This qualitative study involved a semi-structured interview approach and formed part of a multiphase mixed methods research project with the overriding aim of understanding and predicting the physical activity behaviour of pregnant women. Sixty-two National Health Service (NHS) antenatal clinics across East Kent were identified and notified in writing that ethical approval and permission to carry out the study had been granted and that the antenatal clinics hosted at these locations could be selected at random to form part of the various phases of the study. Following notification, each location was assigned a number and selected through a computer-generated randomization procedure. Ten locations were randomly selected as the recruitment sites for this study.
Midwives were eligible for participation if they were at least 18 years of age, proficient in the English language, practising as a community midwife, and had been qualified for more than 1 year. Of the 19 midwives who were approached, 10 agreed and took part in the study. Participants had a mean age of 50.8 years (SD = 8.44) with midwifery experience ranging from 5 to 37 years (M = 16.50, SD = 11.55). Of the six participants who reported their employment status, four indicated that they were employed full-time. All midwives had two or more children of their own.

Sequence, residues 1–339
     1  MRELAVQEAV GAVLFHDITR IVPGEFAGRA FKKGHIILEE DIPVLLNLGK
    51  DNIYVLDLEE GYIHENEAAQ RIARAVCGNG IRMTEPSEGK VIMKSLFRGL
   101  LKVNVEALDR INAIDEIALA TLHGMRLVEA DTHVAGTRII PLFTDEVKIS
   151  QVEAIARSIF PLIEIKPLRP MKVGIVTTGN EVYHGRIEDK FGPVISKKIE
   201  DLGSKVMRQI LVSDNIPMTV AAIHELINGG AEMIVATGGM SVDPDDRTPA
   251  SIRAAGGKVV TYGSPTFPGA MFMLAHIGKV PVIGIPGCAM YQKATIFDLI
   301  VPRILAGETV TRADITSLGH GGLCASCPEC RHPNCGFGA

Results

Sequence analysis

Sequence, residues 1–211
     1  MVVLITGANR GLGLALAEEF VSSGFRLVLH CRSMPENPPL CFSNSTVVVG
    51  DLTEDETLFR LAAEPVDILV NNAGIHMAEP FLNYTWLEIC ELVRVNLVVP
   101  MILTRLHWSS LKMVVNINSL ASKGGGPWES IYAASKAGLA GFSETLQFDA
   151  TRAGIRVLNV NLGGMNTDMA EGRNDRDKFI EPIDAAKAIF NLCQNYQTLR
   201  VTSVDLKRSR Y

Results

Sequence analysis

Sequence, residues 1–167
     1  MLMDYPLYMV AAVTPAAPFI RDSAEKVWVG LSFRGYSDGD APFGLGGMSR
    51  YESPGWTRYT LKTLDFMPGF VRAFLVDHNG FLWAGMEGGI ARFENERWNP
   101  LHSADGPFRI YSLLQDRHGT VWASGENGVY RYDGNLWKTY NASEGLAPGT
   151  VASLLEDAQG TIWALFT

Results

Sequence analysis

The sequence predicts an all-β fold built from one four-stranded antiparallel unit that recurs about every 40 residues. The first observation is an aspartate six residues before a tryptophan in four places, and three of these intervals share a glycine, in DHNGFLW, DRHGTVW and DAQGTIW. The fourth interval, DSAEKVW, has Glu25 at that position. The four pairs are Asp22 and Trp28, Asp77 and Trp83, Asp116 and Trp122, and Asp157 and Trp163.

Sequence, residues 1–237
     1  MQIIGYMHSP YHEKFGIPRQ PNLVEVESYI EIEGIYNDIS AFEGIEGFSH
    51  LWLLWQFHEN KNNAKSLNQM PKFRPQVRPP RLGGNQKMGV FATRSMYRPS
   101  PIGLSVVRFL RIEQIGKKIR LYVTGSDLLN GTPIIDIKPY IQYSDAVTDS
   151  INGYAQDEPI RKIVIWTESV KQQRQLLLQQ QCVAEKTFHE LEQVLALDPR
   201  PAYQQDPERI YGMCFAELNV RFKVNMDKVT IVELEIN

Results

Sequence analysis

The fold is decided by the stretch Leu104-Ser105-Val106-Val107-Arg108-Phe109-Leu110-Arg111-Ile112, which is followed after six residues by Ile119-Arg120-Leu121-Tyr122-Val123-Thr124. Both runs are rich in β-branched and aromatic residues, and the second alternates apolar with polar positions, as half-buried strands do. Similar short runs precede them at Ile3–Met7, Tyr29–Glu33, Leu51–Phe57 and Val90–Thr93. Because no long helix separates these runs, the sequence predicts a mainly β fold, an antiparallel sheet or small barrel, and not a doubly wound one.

The first author explained the study and provided potential participants with an information sheet, consent form and demographics questionnaire. Midwives who agreed to participate were asked to return their signed consent form and completed demographics questionnaire to the researcher and were subsequently contacted by either e-mail or phone where a date, time, and venue for the interviews to take place was agreed.
The first author drafted an interview guide informed by previous research and the data produced during earlier phases of the mixed methods research project . Minor revisions were made to the semi-structured interview schedule following a pilot interview with a practicing community midwife and discussion with the second author (Additional file 1).